Jesus leads the woman step-by-step to know him more fully. When she points out the barriers that should not allow her and Jesus to have this conversation Jesus answers her, "If you knew the gift of God and who it is that asks you for a drink, you would have asked him and he would have given you living water."

He begins to draw her to himself. She becomes more interested. Who is this man? Where would he get this living water from? Is he greater than the Patriarch Jacob who dug the well where they are meeting?

Jesus responds to her questions, “Everyone who drinks this water will be thirsty again, 14 but whoever drinks the water I give them will never thirst. Indeed, the water I give them will become in them a spring of water welling up to eternal life.”

Now it is the Samaritan woman who is thirsty and it is Jesus who has access to the water. "Sir, give me this water", she says. She doesn't quite understand, but she knows that she is weary. She is tired of making the journey to the well in the heat of the day to avoid the awkward stares and the reminder that people don’t want to be associated with her. But, she is even more tired of carrying her shame and dissatisfaction with life.

Jesus tells her to go and bring her husband. She tries to avoid her shame and says that she has no husband. Jesus sees through her half-truth and replies, “You are right when you say you have no husband. 18 The fact is, you have had five husbands, and the man you now have is not your husband. What you have just said is quite true.” Another layer is pealed away. She sees that this is not just an open-minded Jewish man who doesn't mind talking to Samaritans. This man knows her life. He knows her shame. And he does not look at her with disgust. He is a prophet.

Her shame has been exposed, she cannot hide from God. But where does she go? Does she return to God by going to the Samaritan holy mountain, or does she go to the Jewish Temple in Jerusalem. She turns to Jesus the prophet to answer her question. How does she return to God? Amazingly, Jesus says neither. … This is profound. Jesus announces that the Temple in Jerusalem and the Samaritan Holy Mountain are both obsolete. Jesus proclaims this daringly, "... a time is coming and has now come when the true worshipers will worship the Father in the Spirit and in truth, for they are the kind of worshipers the Father seeks. 24 God is spirit, and his worshipers must worship in the Spirit and in truth.” These are not the words of any ordinary prophet. (If any prophet can be called ordinary). What he is saying changes everything for Jews and Samaritans.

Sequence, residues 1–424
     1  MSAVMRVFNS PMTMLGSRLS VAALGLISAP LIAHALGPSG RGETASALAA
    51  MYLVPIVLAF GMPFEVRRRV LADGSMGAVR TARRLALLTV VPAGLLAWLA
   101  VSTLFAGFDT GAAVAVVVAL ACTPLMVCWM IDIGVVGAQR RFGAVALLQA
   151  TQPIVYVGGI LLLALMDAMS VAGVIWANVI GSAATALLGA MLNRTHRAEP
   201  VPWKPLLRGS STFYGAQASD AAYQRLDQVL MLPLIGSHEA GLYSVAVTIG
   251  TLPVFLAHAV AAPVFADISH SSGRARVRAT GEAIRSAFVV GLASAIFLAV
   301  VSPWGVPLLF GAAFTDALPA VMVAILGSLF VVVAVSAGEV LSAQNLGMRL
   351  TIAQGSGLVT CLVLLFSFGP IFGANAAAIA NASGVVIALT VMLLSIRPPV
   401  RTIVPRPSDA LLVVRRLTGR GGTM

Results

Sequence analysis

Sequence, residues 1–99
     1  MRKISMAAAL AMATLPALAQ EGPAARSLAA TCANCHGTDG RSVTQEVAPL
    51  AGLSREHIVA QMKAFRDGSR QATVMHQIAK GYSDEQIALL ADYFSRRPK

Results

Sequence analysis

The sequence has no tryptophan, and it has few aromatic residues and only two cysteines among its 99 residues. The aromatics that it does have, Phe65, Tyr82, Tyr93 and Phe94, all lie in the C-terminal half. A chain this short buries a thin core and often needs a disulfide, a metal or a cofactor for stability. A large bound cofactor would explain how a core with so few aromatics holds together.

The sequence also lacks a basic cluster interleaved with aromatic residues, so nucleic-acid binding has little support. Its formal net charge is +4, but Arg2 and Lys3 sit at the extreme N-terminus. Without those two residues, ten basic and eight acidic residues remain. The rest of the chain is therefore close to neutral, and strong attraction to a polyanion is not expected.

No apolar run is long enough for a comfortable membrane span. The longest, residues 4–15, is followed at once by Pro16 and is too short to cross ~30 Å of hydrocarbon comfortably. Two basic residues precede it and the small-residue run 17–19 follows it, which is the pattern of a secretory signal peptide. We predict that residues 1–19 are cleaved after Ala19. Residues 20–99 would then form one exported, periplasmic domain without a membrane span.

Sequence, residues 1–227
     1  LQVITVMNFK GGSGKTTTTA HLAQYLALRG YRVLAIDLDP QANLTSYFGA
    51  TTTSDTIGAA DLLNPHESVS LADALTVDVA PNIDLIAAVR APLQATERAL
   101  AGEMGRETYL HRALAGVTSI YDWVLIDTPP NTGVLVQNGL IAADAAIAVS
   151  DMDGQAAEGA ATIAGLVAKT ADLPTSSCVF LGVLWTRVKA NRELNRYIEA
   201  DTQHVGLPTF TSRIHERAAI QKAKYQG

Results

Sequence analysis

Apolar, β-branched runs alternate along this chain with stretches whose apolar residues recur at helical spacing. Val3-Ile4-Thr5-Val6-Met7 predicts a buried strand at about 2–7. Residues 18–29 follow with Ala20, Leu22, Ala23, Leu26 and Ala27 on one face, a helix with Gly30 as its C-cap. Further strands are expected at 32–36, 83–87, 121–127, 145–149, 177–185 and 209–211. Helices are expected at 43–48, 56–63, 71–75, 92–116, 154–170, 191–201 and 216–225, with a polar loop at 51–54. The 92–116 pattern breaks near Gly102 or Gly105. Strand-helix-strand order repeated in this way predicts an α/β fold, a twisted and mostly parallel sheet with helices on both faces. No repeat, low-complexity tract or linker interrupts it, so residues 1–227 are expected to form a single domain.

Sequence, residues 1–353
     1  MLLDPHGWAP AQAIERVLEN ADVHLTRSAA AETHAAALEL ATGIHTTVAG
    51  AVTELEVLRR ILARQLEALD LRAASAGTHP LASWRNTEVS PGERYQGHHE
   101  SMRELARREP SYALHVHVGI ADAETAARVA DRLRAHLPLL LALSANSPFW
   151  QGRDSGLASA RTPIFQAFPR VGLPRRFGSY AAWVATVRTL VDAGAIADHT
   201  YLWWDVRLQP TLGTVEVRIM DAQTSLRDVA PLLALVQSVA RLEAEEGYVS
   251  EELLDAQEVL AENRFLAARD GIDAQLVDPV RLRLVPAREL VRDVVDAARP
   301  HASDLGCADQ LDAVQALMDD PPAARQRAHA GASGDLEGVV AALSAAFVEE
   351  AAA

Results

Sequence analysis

Another layer is removed. She is beginning to draw from the well that is Jesus. He is not just an open-minded Jewish stranger. He is not just a prophet. The woman says, “I know that Messiah ... is coming. When he comes, he will explain everything to us.” Could he be the one like Moses who they have been waiting for? Could he be the messiah?

Jesus' response takes her even further. He is not just the messiah (if you can say "just" messiah). In the Greek version of the Old Testament we read about the burning bush in Exodus chapter 3 (v14). When Moses asks God's name he replies, "ἐγώ εἰμι" (Ego Eimi) I AM. … When Jesus replies to the Samaritan Woman he declares, "ἐγώ εἰμι", “I, the one speaking to you—I AM.” This is the one who spoke to Moses from that burning bush. It is this One who says in Jeremiah 2:13- "They have forsaken me, the spring of living water...".

Jesus meets her where she is, but she doesn't stay there. He guides her to himself. He does this with us as well. He is always meeting us in the everyday ordinary events of our lives. If we have the eyes to see and the ears to hear we will notice his movements. God came to me in the bar and introduced me to his overwhelming love for humanity, but he didn't leave me in the bar. Many of you met God in a variety of places. You felt that warming of your heart. You felt overwhelmed by beauty. God met you, but he didn't leave you there. He wanted to start a relationship with you. He wanted you to know Him better.

The disciples arrived back from town and were shocked to see Jesus having leapt over the cultural and religious barriers speaking to a Samaritan woman. She leaves her jar there at the well and runs back to her town to bring people to meet Jesus. She isn't sure about every detail. She doesn't know exactly who this man is, but she feels that she cannot keep the news to herself. After being with Jesus she leaps over her own walls to tell people about Jesus. She leaps over the walls that cause her to get water at the well in the middle of the day in the heat of the sun, alone, rather than with a group of female friends in the cool of the morning. She leaps over the wall of her own shame. This woman makes herself vulnerable to further rejection and ridicule in running to tell the people to come and see if this man might be the Christ they have been waiting for- The prophet like Moses mentioned in Deuteronomy 18. She goes to her people not as someone made perfect. Not even as someone who really completely understands Jesus. She goes to the people of her town with a question. … Could it be?



We stand as people with many barriers. We have barriers that sometimes separate us from each other. We are divided by economics, race, language, marital status, politics, etc. … And we have barriers that separate us from God- our own sin, our own feelings of inadequacy, the vastness and otherness of God. … God crosses those barriers and teaches us to do the same. Once God has crossed those barriers and has entered our own lives and revealed himself as the great "I AM", then that unity overpowers any divisions that can stand between us. God's reality in our lives calls us to gather others to "come and see" and received the living water that spring up to eternal life. AMEN.